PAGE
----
Marie-Lucie  told me about this goat tower.  It’s at a South African vineyard:

It was built in 1981 with room for six or seven goats.  There are more pictures of the tower & its residents, as well as a short video, here and you can read about the herd here. I’m sure that goats would love to live in a tower; I wonder if there are fights about who gets to live at the top?  Perhaps the goats climb up every evening, stopping when they reach the first empty room; though that kind of order seems too fastidious for your average goat.  Although there are 750 female goats, it’s only billies who live in the tower, I’ve no idea why.  It could be that the males prefer sleeping on their own; we’ve never kept males, so I don’t know.

Since 1981 more goat towers have been built; there’s one in Norway and one in the United States.  There was a recent outbreak of serious illness at the Norwegian one, I’m not sure if it’s still going.  The American farmer who built his own goat tower claims to have the tallest goat tower on earth: thirty-one feet to its peak, with the potential to install a revolving observatory in the roof (I’m guessing we shouldn’t hold our breath waiting for this, for some reason he just seems to be preoccupied with not letting birds roost in the roof).  I like the South African one the best, they are milking goats (it’s the only one where your landlord doesn’t end up eating you). Here are some more milking goats who live, if not in a tower, at least upstairs.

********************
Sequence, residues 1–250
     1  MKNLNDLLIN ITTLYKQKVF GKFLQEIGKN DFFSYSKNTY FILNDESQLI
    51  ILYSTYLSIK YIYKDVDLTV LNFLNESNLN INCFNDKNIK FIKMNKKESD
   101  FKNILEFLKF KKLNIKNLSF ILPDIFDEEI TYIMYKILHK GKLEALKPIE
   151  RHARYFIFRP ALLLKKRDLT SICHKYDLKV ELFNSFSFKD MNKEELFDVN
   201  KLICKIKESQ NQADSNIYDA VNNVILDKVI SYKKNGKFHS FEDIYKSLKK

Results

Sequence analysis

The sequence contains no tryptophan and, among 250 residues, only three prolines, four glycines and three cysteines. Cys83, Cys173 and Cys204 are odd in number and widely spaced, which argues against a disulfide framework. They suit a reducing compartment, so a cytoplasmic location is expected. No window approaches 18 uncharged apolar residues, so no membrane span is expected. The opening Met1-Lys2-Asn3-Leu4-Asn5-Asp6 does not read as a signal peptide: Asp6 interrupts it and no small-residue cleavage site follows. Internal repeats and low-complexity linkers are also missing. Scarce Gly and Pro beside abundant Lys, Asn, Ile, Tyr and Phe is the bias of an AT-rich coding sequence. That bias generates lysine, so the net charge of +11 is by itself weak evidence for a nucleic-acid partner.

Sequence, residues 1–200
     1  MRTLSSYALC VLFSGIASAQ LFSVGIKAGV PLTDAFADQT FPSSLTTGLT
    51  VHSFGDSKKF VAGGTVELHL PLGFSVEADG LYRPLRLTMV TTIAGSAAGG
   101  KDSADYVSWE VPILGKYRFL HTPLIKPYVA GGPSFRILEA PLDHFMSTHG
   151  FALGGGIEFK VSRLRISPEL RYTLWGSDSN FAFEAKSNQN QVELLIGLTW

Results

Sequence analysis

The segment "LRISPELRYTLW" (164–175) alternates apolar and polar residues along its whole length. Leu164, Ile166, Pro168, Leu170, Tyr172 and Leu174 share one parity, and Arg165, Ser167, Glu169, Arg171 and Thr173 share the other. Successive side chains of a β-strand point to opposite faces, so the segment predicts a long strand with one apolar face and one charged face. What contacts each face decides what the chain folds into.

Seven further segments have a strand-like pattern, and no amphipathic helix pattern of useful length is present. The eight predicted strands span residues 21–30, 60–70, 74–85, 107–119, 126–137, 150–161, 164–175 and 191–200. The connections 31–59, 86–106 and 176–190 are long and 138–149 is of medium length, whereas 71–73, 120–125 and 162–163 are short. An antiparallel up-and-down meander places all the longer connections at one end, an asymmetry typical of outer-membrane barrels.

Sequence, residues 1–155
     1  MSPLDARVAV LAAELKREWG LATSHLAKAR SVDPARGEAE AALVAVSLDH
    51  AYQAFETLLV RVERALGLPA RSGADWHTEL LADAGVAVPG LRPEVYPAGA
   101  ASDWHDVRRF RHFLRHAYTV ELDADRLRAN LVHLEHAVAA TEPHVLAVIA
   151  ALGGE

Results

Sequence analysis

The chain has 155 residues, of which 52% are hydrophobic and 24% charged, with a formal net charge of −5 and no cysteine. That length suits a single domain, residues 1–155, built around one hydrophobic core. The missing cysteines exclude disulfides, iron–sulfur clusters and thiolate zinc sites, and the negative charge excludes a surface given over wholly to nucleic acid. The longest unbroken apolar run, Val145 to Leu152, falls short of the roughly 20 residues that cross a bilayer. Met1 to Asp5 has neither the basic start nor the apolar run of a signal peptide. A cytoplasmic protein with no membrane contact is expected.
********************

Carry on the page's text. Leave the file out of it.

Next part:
One interesting structural feature that the American man mentions is that his steps are made of (sort of) reinforced concrete, which stiffens the tower sideways against the wind.  He used 5,000 hand-made bricks, no two of which are alike.  It’s not clear to me that there is any advantage in that.

The first three look exactly the same.  I think the next builder could work on the appearance of his or her goat tower.  There are precedents for this building type:

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